Total Quality Management (TQM) is an approach to the art of management that originated in Japanese industry in the 1950’s and has become steadily more popular in the West since the early 1980’s. TQM incorporates the concepts of product quality, process control, quality assurance, and quality improvement. Consequently, it is the control of all transformation processes of an organization to better satisfy customer’s needs in the most economical way. The TQM philosophy of management is customer-oriented and therefore, the quality is not determined or defined by the producing company but is determined by the customer. Thus, the quality of a product or a service is the customer’s perception of the degree to which the product or service meets his/her expectations.
TQM is an approach to improving competitiveness, effectiveness, efficiency and flexibility of the organization in satisfying the customer’s demands. It is a process that recognizes the need to determine the customer’s requirements and uses that knowledge to drive the entire organization to ensure those needs are fully met. It is essentially a way of planning, organizing and understanding each and every activity that takes place in the organization, and depends on every individual at his or her own level in the organization.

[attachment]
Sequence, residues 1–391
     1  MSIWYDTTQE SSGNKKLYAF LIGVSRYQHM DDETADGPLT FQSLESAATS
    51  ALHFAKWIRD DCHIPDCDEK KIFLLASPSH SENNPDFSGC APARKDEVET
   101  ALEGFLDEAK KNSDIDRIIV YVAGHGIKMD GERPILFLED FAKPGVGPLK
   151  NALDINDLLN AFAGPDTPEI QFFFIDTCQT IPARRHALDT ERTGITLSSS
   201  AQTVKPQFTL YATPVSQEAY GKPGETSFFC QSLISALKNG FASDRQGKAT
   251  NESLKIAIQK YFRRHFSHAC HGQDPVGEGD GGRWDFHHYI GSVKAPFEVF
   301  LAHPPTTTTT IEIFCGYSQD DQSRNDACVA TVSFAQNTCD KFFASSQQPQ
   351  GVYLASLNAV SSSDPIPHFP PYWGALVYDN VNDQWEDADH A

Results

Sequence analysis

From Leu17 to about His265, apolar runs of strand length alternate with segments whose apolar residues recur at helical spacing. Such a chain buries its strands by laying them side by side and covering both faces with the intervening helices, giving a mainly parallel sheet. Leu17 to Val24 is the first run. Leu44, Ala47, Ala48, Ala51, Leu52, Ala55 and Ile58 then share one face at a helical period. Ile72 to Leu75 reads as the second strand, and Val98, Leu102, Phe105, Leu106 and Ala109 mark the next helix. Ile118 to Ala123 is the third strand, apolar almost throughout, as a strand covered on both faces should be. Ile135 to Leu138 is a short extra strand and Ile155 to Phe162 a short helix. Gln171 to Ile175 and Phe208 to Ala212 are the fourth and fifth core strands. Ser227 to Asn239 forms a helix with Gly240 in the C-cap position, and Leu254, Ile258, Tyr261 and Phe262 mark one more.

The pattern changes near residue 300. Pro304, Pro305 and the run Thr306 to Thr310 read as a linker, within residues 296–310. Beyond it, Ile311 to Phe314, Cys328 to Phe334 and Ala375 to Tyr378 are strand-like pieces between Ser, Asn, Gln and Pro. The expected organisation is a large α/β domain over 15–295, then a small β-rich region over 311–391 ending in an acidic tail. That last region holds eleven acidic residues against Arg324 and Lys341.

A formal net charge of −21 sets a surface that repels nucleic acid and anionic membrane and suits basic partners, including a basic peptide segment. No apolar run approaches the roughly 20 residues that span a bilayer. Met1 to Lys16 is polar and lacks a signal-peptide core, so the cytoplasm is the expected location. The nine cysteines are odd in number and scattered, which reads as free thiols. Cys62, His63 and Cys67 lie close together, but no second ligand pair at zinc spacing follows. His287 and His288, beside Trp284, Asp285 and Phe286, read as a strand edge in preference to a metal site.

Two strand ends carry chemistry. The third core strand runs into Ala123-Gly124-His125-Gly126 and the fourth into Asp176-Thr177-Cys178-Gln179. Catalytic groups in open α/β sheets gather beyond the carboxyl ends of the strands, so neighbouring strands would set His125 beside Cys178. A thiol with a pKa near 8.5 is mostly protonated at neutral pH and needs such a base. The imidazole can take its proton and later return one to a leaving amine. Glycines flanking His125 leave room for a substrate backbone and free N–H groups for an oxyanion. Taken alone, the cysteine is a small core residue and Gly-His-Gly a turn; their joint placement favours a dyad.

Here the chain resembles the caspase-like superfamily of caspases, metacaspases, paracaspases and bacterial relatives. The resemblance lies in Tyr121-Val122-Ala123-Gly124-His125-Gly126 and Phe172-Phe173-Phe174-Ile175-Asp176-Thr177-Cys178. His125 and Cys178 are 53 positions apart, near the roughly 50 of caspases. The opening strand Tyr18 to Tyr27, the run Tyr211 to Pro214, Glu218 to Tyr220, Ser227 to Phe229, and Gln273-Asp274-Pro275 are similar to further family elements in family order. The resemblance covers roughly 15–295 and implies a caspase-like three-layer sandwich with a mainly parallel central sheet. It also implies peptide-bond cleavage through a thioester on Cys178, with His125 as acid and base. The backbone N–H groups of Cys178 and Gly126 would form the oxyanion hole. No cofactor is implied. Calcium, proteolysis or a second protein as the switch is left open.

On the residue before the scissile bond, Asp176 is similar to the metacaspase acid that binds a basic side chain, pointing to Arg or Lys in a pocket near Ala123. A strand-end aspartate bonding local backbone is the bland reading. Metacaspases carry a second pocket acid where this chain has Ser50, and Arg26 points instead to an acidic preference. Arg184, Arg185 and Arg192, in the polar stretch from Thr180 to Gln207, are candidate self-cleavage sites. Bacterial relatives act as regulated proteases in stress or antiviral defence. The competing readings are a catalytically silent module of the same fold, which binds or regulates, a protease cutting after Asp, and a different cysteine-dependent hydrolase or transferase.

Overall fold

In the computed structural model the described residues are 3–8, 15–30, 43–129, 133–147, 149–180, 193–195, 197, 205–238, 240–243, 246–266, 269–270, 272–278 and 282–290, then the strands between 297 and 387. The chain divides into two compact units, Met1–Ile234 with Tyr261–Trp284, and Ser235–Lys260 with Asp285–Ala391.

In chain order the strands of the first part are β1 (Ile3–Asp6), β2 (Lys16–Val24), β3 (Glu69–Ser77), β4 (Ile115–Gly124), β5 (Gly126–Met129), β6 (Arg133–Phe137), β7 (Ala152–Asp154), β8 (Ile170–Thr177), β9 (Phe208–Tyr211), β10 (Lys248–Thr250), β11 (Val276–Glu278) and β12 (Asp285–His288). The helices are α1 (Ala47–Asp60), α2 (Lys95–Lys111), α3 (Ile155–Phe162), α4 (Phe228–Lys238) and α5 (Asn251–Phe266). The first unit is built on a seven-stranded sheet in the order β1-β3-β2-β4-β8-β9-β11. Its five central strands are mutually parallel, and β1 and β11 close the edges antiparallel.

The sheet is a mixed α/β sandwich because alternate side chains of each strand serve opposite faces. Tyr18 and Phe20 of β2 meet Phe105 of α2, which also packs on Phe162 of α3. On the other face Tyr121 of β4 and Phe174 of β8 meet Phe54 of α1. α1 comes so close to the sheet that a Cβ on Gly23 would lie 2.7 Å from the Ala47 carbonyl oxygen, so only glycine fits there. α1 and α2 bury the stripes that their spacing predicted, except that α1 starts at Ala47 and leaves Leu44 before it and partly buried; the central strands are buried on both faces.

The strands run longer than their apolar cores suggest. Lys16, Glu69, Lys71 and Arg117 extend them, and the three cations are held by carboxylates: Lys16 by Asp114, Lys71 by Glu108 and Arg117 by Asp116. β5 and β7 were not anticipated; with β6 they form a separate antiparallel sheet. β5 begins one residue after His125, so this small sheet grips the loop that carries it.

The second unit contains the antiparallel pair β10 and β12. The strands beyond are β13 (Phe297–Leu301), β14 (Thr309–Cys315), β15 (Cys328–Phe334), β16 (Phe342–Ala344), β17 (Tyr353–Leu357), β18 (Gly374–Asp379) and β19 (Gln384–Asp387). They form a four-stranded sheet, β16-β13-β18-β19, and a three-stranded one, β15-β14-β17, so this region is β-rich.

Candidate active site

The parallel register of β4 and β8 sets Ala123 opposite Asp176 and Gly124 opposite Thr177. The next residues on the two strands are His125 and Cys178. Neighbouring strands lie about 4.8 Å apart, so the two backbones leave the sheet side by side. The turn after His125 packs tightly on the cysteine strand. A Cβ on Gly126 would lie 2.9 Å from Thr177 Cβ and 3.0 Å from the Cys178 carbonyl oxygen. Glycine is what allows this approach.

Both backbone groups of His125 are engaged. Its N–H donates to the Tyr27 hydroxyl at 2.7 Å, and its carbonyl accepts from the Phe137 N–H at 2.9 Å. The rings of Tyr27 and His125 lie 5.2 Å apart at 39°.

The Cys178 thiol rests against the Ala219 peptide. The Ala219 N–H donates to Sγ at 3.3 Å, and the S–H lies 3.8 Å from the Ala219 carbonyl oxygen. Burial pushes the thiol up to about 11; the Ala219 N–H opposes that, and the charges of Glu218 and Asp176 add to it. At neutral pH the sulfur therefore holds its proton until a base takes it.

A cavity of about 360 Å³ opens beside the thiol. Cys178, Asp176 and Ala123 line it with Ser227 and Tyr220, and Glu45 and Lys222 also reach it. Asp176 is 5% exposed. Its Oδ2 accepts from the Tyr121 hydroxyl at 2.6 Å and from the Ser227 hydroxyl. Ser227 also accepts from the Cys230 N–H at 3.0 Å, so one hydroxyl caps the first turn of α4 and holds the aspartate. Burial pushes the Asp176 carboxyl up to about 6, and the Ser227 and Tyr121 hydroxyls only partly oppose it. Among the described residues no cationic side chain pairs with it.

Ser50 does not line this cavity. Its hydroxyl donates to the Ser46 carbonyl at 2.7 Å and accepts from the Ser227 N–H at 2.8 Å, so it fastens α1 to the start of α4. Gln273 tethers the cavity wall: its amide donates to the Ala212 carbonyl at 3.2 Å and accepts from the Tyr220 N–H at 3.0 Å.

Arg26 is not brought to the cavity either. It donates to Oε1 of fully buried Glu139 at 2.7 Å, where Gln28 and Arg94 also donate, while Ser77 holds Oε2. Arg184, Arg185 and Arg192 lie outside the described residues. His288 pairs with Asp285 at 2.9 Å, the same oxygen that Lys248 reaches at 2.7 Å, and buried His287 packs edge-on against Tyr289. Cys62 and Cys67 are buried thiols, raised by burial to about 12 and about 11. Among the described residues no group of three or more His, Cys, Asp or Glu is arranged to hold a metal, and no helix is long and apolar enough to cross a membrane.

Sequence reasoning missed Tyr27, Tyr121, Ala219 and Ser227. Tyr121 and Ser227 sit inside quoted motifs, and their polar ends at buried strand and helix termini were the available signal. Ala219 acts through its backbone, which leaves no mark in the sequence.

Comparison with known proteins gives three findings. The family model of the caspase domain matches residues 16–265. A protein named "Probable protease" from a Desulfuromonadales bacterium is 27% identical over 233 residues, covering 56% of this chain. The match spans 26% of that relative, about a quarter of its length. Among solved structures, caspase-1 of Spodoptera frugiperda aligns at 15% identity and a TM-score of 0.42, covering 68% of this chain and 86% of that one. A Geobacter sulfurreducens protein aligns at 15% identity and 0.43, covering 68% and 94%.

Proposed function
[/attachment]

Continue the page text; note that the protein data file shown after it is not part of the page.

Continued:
Traditionally, quality was seen as the responsibility of the Quality Control Department, whose role was to identify and weed out mistakes after they had occurred. However, controlling mistakes after they had been made meant that many of the quality defects were already embedded in the product and were essentially hidden and difficult to locate. Organisations, therefore, did the best they could to uncover mistakes, but were resigned to the fact that certain problems would remain undetected. TQM, however, emphasized preventing mistakes rather than finding or correcting them. ie Prevention better than cure REF. In order to achieve this, responsibility for quality shifted from the Quality Control to all members of the organization. This led many organizations to alter their operations fundamentally.
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A relatively small group of American and Japanese quality experts have developed a number of concepts and methodologies which have had a profound impact on how companies approach and manage quality. These experts are frequently referred to as quality ‘gurus’. In addition to developing their own quality philosophy, many of the gurus are charismatic individuals who generate excitement and enthusiasm for quality.
Dr. W. Deming is perhaps the most widely known of all quality gurus. Following World War II, the US government played a significant role in rebuilding Japenese industry. It was in this role that Dr. Deming first became involved in Japanese industry. In the early days Deming focused on statistical quality control methods but in later years he developed the concept of quality as a management activity....